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Owanto

Where are we going? NYC, (ed.3), 2009, C-print on canvas, 160 x 124,5 cm.

Where are we going? NYC, (ed.3), 2009, C-print on canvas, 160 x 124,5 cm.

Where are we going? Tokyo, (ed.3), 2009, C-print on canvas, 160 x 106 cm.

Where are we going? Tokyo, (ed.3), 2009, C-print on canvas, 160 x 106 cm.

Where are we going? Africa 3, (ed.3), 2009, C-print on canvas, 106 x 160 cm.

Where are we going? Africa 3, (ed.3), 2009, C-print on canvas, 106 x 160 cm.

Standing Father and Child, (ed.3), 2008, light box, 107 x 77 x 15 cm.

Standing Father and Child, (ed.3), 2008, light box, 107 x 77 x 15 cm.

Reclining Mother and Children, (ed.3), 2009, light box, 100 x 142 x 14 cm.

Reclining Mother and Children, (ed.3), 2009, light box, 100 x 142 x 14 cm.

Charco Child, (ed.3), 2008, light box, 96 x 96 x 15 cm.

Charco Child, (ed.3), 2008, light box, 96 x 96 x 15 cm.

The body of work by Owanto (Paris, France, 1953) gathers the spirit and vitality of woman as the centre of nature and time, a lost poem, the ingenuity and utopia of a dream, because just like Luther King, she also has a dream. She builds images that question eternal doubts, and maybe therefore seem unnecessary or characteristic of a youth that is still learning. Where are we going? Asks the artist. Maybe that royal we suggests that point of good and naïve intentions, but at the same time it is evident that Owanto places on the table clear and risky answers that are of universal dimension, and therefore we discover the result of deep internal reflections, of the evidence of human values that can be used to build a more charitable and therefore better world.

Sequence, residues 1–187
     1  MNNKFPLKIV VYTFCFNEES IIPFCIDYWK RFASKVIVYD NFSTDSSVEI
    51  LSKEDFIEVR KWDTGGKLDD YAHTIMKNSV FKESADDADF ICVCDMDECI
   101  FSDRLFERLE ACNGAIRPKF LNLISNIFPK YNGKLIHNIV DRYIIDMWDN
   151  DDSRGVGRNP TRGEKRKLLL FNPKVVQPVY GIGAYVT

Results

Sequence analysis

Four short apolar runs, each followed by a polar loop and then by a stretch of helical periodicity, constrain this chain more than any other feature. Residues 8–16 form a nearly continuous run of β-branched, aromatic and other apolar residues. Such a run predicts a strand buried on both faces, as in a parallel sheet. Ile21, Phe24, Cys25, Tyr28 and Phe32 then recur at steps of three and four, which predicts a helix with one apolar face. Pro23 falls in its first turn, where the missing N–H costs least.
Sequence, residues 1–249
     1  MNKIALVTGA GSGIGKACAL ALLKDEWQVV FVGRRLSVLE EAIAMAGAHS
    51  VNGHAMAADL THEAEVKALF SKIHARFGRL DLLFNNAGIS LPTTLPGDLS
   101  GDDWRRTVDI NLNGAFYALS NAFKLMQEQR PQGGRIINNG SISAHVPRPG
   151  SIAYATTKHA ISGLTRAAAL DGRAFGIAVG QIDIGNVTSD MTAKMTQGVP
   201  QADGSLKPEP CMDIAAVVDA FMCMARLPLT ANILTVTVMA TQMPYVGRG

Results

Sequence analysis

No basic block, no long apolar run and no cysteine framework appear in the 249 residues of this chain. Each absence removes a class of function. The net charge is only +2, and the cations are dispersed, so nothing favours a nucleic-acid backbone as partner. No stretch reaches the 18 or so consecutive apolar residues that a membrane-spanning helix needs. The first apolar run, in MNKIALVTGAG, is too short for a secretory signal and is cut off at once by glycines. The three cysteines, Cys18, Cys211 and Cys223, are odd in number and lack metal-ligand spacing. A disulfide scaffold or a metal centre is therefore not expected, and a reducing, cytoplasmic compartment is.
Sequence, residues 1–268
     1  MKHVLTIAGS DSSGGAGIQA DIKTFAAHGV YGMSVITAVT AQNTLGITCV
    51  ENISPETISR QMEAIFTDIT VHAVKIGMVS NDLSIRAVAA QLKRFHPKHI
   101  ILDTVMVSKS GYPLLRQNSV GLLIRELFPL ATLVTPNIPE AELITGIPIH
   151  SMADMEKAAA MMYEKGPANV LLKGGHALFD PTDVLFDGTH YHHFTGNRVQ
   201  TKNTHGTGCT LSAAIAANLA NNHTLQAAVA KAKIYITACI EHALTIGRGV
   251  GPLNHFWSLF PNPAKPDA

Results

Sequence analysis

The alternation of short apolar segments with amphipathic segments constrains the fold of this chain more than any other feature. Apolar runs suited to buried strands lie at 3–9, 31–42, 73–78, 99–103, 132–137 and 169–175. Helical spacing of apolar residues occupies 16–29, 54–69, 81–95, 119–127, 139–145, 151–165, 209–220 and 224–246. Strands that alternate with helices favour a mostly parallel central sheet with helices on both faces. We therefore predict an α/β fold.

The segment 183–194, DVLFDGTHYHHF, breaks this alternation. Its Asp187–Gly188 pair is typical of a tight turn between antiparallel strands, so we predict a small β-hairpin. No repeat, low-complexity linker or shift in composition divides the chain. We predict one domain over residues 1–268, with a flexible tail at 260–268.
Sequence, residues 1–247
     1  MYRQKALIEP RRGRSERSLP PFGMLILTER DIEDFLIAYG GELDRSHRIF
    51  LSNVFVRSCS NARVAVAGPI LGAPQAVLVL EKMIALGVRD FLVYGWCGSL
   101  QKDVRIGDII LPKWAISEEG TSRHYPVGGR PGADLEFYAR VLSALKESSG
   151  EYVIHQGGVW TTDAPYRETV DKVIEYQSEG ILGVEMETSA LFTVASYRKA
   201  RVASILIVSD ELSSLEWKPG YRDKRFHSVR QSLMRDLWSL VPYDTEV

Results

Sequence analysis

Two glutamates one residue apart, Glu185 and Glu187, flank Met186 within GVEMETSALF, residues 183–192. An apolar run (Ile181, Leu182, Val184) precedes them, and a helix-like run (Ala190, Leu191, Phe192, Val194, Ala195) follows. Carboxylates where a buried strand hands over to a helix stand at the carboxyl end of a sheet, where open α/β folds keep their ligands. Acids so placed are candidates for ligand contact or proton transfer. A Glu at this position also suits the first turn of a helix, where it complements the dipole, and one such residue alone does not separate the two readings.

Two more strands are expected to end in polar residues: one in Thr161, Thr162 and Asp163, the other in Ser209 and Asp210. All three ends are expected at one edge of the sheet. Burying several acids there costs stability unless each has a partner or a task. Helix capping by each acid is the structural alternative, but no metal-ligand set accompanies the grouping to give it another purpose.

British-Gabonese artist.

Owanto grew up in Gabon, where she spent her formative years, and eventually moved to Europe. The artist uses a multidisciplinary approach in her creative process and works across a variety of media, including painting, sculpture, photography, video, installation and performance.
 
Owanto had the honour of representing the Republic of Gabon at the 53. International Art Exhibition of the Venice Biennale in 2009, with a solo show in Gabon’s first National Pavilion at such a prestigious cultural event. The artist continues to exhibit internationally today. Her works can be found in private and public collections around the world.